Several years ago I recall a question that someone wrote to the CBOE's “CBOE – Ask the Institute“, asking if there was a scientific way to manage iron condors, or any type of credit spread. They noted that from their observation, some used the Greeks (primarily delta), others used a percentage move away from entry point, etc. Their underlying question was if the “art” of trading could be reduced to a “science”.
The Institute's answer was an emphatic “NO!” There is no scientific method. All forms of trading are an art in some shape or form. There is not a “best way” nor a scientific way of managing all trades all of the time. For the purposes of this article, “art” refers to combining intuition with technical analysis in your trading.
How can you as a trader conquer the balance between the art and science of trading?
It is important to consider your own trading style before you decide to stick to the rules outlined in your trading plan, or incorporate some intuitive measures into your trade management.
- Are you a die-hard, live-by-the-rules kind of person, and know that using a little intuition from time to time won't threaten your overall trade management goals?
- Have you recently fallen into a habit that you are trying to break, basically ignoring your trading plan and trading solely on your instincts? If you have fallen prey to this trading style, you may be the victim of letting your losses get too large. This is the time it is more important to prove to yourself that you CAN follow your rules or guidelines. Trusting yourself to follow your plan must be reestablished.
Once you have identified what type of trader you are, it could be easier for you to determine how much to interject the “art” into the “science” of your trading plan.
There's no right or wrong to any of this in most situations that we as traders encounter. There's no “best”, no exact science, that is going to clear the crystal ball. It is just you and your decisions, and your decisions' effect on your ability to trust in yourself as a trader.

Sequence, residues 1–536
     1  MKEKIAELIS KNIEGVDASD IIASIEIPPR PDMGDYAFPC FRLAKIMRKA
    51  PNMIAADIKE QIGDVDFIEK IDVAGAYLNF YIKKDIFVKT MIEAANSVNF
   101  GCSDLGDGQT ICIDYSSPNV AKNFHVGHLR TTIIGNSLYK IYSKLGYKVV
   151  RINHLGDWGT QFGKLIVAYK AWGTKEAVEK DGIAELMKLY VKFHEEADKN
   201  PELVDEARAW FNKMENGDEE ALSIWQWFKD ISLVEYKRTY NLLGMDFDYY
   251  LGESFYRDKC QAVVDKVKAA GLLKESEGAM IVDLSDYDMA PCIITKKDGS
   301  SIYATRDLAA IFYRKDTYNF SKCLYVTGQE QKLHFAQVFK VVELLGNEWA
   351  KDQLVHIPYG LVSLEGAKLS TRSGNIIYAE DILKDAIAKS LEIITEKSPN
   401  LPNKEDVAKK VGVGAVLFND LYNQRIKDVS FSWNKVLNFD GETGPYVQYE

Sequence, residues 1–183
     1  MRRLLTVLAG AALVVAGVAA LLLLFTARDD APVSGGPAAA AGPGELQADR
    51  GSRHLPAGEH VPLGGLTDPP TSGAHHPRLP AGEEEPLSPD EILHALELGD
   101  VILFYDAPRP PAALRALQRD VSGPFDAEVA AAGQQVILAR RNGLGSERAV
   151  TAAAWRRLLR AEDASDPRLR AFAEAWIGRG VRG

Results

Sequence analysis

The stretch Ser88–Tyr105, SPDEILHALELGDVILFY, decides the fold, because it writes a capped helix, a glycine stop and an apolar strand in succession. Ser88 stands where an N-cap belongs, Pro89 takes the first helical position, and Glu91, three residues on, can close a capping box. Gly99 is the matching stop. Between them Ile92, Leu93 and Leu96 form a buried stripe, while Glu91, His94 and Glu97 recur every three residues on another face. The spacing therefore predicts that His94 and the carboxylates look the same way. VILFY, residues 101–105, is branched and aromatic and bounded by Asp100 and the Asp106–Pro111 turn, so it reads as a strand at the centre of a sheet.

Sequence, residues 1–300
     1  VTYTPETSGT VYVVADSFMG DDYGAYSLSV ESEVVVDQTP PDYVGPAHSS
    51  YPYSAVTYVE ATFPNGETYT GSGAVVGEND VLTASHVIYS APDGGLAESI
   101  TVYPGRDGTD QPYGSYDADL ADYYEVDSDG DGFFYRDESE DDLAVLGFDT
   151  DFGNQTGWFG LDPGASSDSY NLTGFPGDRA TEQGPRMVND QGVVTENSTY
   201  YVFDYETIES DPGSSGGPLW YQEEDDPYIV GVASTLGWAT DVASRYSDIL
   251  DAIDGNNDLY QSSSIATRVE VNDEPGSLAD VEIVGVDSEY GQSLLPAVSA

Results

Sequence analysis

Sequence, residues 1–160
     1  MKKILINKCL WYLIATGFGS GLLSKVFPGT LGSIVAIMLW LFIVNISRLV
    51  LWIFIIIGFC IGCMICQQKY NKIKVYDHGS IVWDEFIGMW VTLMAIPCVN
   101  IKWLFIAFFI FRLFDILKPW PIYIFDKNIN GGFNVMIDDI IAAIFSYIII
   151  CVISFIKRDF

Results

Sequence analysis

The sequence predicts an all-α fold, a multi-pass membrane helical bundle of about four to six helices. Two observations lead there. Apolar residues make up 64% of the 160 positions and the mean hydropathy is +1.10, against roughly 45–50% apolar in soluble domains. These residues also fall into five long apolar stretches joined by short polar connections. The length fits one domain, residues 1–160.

What is important is that you follow your trade plan and guidelines “most” of the time. It is not wise to be the type of trader whose trade plan includes adjusting and iron condor when the value of the delta on a sold call or put reaches 20 – 22, and then, when that point is reached, suddenly decide that you're going to change your plan mid-stream and adjust when those deltas reach 30. That is not incorporating a bit of art; it is totally abandoning your plan. Whatever art you introduce into your trading plan, it's important to never let a loss become unmanageable from either a financial or a confidence standpoint.
No matter how many guidelines you build into your trade plan, there are going to be times when a little art must be applied. What is of the utmost importance is to never let losses mount above that which you have built into your plan as acceptable levels while you're doing a little artwork. Accept that you will have to practice a bit of art with science from time to time. Only you as a trader can determine how much art to incorporate into your trade management.
If you are new to trading and looking for strategies and feedback from veteran traders, consider joining the community of options traders at Capital Discussions.
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If you have any comments on how you handle the balance between the “art” and “science” of trading, feel free to share below.